- Publications
- Brief summaryRationale: Continuous bilateral subthalamic nucleus (STN) deep brain stimulation (DBS) is an effective surgical treatment for patients with advanced Parkinson’s Disease (PD) who have severe limitations in functioning due to medication induced motor response fluctuations. Despite its effectiveness, DBS therapy is oftentimes restricted by side-effects, possibly caused by electrical current overspill into areas of the brain adjacent to the target areas. Recently, new DBS electrodes have been developed that claim to be able to achieve a certain degree of steering of the electrical current (steering electrodes, as opposed to the conventional ring-mode electrodes).
Objective: To evaluate whether steered STN DBS is more effective than ring-mode DBS in reducing PD motor symptoms and to investigate if steered STN DBS has the potential to cause less stimulation-induces side-effects.
Hypothesis: We hypothesize that steering DBS will lead to a greater reduction of PD motor symptoms than ring-mode DBS. We will also separately measure the effect of the two types of DBS in people who have good response to ring-mode and those who don’t.
Study design: The study will be a randomized single-center prospective double-blind, crossover trial comparing two forms of STN deep brain stimulation settings: (1) ring-mode stimulation and (2) steered stimulation. A total of 102 patients will be included.
Study population: Patients with advanced PD who have been bilaterally implanted with Boston® Vercise™ DBS electrodes in the subthalamic nucleus in the AMC.
Intervention: After a period of searching for the optimal steered mode settings, patients will be randomized to receive both steered and ring-mode stimulation in consecutive periods of two months in random order. The patient, the assessor and the investigator performing the statistical analyses will be blind to the order in which the two settings are administered.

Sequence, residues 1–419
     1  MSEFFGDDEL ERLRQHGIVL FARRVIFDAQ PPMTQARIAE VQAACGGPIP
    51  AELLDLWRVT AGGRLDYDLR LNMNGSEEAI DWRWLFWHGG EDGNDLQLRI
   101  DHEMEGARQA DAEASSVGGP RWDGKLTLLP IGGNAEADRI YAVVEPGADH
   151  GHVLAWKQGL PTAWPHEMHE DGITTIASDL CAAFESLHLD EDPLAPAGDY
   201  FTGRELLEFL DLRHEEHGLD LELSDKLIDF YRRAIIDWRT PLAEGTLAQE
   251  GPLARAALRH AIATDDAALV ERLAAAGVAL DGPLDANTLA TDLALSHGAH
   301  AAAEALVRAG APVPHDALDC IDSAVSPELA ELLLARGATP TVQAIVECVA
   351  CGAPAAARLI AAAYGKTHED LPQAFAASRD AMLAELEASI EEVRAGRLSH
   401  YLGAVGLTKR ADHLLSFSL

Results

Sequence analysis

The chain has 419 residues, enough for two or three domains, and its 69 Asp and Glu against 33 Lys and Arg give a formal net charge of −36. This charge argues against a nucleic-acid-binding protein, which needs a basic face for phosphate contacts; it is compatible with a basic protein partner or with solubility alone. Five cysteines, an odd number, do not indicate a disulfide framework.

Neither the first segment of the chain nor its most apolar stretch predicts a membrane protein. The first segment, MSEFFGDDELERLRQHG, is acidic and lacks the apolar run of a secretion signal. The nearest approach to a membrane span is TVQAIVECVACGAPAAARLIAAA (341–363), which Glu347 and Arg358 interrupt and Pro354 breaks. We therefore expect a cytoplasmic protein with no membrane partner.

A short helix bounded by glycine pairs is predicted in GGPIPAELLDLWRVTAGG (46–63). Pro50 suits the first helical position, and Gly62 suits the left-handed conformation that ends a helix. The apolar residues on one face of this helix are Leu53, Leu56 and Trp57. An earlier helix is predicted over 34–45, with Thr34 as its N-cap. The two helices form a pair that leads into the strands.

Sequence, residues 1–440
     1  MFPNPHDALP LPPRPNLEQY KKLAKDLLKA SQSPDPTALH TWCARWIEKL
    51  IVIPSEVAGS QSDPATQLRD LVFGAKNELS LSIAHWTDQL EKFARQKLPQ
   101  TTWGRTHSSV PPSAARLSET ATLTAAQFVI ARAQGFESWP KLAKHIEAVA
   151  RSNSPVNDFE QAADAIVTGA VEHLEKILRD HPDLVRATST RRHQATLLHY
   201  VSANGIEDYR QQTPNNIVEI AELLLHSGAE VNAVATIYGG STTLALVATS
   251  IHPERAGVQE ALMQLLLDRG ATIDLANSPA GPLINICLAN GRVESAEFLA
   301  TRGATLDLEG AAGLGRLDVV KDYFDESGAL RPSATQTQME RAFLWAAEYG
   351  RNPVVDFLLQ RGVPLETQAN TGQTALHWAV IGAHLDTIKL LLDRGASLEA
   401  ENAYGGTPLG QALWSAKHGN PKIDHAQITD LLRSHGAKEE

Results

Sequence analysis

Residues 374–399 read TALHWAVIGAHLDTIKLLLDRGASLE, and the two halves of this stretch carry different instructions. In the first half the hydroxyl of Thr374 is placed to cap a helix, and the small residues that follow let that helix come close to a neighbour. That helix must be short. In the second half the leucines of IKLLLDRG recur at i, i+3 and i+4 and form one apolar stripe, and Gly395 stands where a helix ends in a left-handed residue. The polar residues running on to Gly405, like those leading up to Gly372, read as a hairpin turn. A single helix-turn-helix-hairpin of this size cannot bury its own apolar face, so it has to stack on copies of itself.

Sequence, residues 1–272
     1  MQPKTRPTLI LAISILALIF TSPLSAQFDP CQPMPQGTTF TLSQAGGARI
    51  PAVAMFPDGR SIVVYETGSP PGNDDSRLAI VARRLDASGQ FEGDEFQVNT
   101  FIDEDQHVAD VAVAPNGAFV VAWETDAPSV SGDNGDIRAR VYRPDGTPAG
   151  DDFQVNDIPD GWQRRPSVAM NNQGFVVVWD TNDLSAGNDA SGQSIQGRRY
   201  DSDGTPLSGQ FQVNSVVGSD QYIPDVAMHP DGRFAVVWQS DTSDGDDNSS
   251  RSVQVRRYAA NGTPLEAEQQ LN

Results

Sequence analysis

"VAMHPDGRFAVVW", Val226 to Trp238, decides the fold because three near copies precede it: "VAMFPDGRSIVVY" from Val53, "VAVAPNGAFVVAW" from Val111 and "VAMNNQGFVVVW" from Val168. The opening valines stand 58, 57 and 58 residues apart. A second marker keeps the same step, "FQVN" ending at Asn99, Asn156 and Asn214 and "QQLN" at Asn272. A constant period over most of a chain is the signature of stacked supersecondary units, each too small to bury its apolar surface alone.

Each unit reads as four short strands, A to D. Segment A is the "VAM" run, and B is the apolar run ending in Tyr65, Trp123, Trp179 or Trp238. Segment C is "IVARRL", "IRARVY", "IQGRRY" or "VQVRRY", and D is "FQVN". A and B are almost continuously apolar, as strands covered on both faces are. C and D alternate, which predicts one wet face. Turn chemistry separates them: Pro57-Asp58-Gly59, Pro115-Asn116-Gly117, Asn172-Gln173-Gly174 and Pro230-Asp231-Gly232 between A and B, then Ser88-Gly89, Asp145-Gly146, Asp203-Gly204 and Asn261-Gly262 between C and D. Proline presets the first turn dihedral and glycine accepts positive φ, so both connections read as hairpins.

Main study parameters/endpoints: We will evaluate the difference of motor symptoms in patients with steered and ring-mode DBS in standardized OFF-drug phase measured with the Movement Disorders Society Unified Parkinson Disease Rating Scale motor evaluation (MDS-UPDRS-ME). Secondary outcome consists of symptom scales, used stimulation settings, medication use, stimulation-induced side-effects, activities of daily living scales and a quality of life questionnaire. At the end of the trial, patients will be asked to choose between the two used programs to evaluate which one was perceived as the best. A sub-analysis will be performed to evaluate whether good DBS responders and suboptimal DBS responders score differently on primary and secondary endpoints.
Nature and extent of the burden and risks associated with participation, benefit and group relatedness: This study will contribute to the optimization of DBS treatment with devices that allow for current steering. The hardware and software that will be used in the course of the study are CE approved, and DBS has been a registered therapy for PD for years. In this study, new programming options will be explored, which will extend the device programming time. There is a small chance/risk that the steering DBS form will have less benefit to the patient’s motor score when compared to ring-mode DBS or that patients will be subjected to a longer programming time with no additional clinical benefit. Participation in this study constitutes a negligible risk according to the NFU-criteria for human research.
- Main changes (audit trail)
- RECORD23-jun-2017 - 30-sep-2017